On March 11, 1917, the WONGANELLA (Lieut.-Commander B.J.D. Guy, RN) was on her way from Malta to England via Gibraltar, she was shelled by a submarine, and while the ‘panic’ party were getting out the boats, a shell wounded the officer and several of the crew in the starboard lifeboat. Another shell went through the bulwarks of the ship, wounding some men and bursting the steam-pipe of the winch, thus rendering unworkable the derrick used for hoisting out the third boat, and the port lifeboat was also damaged
Shells burst in the well deck and holed the big boat, so in this case, as all his boats were ‘done in’, the captain had to give up the idea of ‘abandoning’ ship. There was nothing for it but to open fire, though it was not easy for orders to be heard in that indescribable din when shells were bursting, steam pouring out form the burst winch-pipe, wounded men in great pain, and WONGANELLA’s own boiler-steam blowing off with an annoying roar
As soon as fire was opened, the submarine dived and then fired a torpedo, which was avoided by WONGANELLA going astern with her engines, the torpedo just missing the ship’s fore-foot by 10 feet. No more was seen of the enemy, and at dusk the armed steam yacht IOLANDA was met, from whom a doctor was obtained, thus saving the lives of several of the wounded
In this engagement, whilst the White Ensign was being hoisted, the signal halyards were shot away, so the ensign had to be carried up the rigging and secured thereto. WONGANELLA was holed on the water-line and hit elsewhere, but she put into Gibraltar on March 13.
After Gibraltar she sailed to Portsmouth where she arrived on 02 April. She made then a round voyage to Halifax, Canada on her return voyage she rescued 30 survivors from the British cargo vessel ELELE which was torpedoed by the U-24 on 18 June 1917 on a voyage from Boston, USA to Liverpool loaded with wheat & munitions.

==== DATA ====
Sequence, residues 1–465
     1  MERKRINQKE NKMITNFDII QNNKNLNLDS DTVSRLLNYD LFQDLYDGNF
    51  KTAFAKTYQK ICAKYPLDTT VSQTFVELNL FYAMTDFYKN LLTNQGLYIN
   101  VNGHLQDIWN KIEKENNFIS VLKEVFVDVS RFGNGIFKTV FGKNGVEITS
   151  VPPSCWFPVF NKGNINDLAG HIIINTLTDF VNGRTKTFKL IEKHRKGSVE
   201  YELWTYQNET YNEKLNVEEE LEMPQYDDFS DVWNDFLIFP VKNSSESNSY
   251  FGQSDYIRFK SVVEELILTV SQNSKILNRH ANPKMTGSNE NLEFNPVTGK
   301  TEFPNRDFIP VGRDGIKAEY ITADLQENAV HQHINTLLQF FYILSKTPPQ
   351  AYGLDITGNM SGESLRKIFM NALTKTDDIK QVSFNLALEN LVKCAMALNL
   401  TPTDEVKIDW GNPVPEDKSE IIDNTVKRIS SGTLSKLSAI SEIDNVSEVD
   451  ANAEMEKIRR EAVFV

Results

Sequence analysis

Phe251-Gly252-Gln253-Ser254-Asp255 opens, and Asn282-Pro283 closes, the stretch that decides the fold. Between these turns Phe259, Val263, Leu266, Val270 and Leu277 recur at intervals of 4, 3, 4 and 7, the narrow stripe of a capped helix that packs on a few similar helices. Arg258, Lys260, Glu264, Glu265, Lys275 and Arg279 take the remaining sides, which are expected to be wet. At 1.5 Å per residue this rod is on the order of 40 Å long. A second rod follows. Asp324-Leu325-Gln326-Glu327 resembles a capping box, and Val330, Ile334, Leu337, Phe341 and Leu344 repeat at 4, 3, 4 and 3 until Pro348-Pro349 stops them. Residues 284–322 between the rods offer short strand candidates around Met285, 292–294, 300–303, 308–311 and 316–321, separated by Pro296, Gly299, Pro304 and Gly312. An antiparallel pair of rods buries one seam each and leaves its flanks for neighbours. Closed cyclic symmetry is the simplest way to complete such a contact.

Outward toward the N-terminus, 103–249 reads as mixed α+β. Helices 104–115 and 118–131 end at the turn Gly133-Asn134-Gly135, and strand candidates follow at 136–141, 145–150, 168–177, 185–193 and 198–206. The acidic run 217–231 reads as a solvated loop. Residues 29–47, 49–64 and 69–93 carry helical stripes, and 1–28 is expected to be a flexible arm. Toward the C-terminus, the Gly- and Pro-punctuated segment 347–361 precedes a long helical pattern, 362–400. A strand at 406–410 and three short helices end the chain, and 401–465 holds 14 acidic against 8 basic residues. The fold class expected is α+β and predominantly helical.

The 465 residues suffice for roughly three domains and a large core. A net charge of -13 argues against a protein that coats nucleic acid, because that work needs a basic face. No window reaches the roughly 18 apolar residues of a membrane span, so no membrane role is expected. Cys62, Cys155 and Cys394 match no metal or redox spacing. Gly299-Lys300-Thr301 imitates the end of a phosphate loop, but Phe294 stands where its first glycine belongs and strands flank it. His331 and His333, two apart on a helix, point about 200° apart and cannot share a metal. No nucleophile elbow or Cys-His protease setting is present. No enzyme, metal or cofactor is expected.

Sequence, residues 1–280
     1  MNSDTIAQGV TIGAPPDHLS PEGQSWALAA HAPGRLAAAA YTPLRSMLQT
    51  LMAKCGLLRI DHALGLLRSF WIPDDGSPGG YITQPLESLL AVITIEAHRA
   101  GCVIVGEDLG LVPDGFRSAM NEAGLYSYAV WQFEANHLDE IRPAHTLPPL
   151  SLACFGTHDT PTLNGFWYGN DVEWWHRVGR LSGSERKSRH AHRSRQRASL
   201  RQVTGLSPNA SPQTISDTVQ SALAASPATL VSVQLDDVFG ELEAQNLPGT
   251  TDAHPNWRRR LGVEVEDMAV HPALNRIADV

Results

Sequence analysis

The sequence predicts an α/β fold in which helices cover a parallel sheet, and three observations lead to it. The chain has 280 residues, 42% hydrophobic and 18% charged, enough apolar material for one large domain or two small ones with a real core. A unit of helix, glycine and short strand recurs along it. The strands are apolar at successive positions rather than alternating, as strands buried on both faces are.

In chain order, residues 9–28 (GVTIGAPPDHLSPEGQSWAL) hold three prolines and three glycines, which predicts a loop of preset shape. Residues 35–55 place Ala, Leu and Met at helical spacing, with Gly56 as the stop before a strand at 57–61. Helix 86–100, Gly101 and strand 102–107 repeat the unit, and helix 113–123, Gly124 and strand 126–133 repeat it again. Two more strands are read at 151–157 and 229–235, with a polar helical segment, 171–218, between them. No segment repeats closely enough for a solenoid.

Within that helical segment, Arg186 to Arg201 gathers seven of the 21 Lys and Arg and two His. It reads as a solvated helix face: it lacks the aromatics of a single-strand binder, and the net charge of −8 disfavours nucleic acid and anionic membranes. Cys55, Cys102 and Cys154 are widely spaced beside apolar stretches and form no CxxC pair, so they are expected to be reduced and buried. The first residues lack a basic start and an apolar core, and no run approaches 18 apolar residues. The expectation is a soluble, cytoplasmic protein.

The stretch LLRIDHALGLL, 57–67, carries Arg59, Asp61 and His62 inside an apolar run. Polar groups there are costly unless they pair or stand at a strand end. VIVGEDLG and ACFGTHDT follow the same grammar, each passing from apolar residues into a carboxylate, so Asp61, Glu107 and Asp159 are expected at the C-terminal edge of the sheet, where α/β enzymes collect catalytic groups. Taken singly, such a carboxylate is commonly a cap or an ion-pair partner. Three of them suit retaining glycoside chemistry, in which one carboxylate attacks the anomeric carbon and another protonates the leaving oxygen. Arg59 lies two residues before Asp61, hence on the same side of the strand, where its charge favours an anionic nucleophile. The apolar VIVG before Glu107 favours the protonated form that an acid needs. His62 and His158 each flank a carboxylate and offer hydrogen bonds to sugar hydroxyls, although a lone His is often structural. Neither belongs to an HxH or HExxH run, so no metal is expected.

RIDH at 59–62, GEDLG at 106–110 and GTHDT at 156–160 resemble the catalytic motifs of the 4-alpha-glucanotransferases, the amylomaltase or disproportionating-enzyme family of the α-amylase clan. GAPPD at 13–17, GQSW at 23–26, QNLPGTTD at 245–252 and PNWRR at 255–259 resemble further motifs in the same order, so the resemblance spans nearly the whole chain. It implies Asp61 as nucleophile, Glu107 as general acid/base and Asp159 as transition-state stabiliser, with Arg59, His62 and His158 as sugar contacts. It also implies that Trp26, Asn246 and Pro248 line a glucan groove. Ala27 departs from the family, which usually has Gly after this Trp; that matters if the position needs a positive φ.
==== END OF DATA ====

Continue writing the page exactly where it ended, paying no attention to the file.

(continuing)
23 June 1917 arrived at Plymouth. August 1917 decommissioned as a naval crewed vessel and again merchant manned. 1922 registered in Capetown. 1930 Sold to Afrikanska Angfartygs A/B, Gothenburg, Sweden and renamed MAGDA. 31 March 1933 on a voyage from Callao, Peru to Buenos Aires loaded with timber and general cargo she stranded on the Stragglers at the entrance of Smyth Channel, Magallanes. She was wrecked and lost, the crew were rescued by the Chilean cargo vessel DON RICARDO.

Liberia 2015 $30 sg?, scott?
Source: Lloyds Register 1930.


Built as a passenger-cargo vessel under yard No 279 by Workman Clark & Co. Ltd., Belfast for the Orient Steam Navigation Company Ltd. London.
06 July 1909 launched as the ORVIETO, named after a small town in Northern Italy.
Tonnage 12,130 gross, 7,421 net, 7,400 dwt, dim. 163.1 x 19.50 x 11.76m., draught 8.34m.
Powered by two 4-cyl. quadruple expansion steam engines manufactured by the shipbuilder, 14,000 ihp, twin shafts, speed 18 knots.
Passenger accommodation for 235 first, 186 second and 696 third class passengers.
Cargo capacity: 2,690 cubic meters refrigerated.
04 November 1909 completed. Building cost £335,713.

She was built for liner service between London to Brisbane, Australia.
26 November 1909 sailed from London for her maiden voyage to Brisbane.
1913 Was she the first ship of the Orient Line which used the New Farm Warf in Brisbane.
1914 Chartered by the Commonwealth of Australia until 29 December 1914
After two months in Sydney dock being fitted out as a troop transport, she sailed for Egypt on 15 November 1914 with 91 officers and 1,347 men of the AIF (Australian Imperial Force), as part of a convoy of 36 ships escorted by Royal Navy and Japanese cruisers, including HMAS MELBOURNE and HMAS SYDNEY. On board the ORVIETO were Major General W T Bridges and his staff of the 1st Division. This included his chief of staff, Lieutenant Colonel (later General) C B B White, Major (later Major General) J. Gellibrand, Lieutenant (later Lord) R G Casey and official correspondent C E W Bean. The ship also carried the 5th Infantry Battalion and 2nd Field Company. ORVIETO was the first ship of the convoy to leave Sydney and the first to set sail from Western Australia for Europe and led the transports all the way to Egypt
21 October 1914 embarked 5th Infantry Battalion (Victoria) 2nd Infantry Brigade & 2nd Field Company Engineers (Victoria) First Division at Melbourne.
1st November 1914 assembled with the first convoy at King George's Sound, Albany Western Australia in transporting the First Detachment of the Australian and New Zealand Imperial Expeditionary Forces to Egypt.
While calling at Colombo on November 15th, the ORVIETO took on board a number of prisoners from the German cruiser EMDEN which had been disabled and grounded by HMAS SYDNEY after 70 days marauding in the Indian Ocean. The prisoners included the ship's captain (von Müller) and torpedo officer (Prince Franz Josef von Hohenzollern). The Australian troops and German POWs were disembarked on arrival at Suez and the ORVIETO proceeded to London, arriving in January 1915.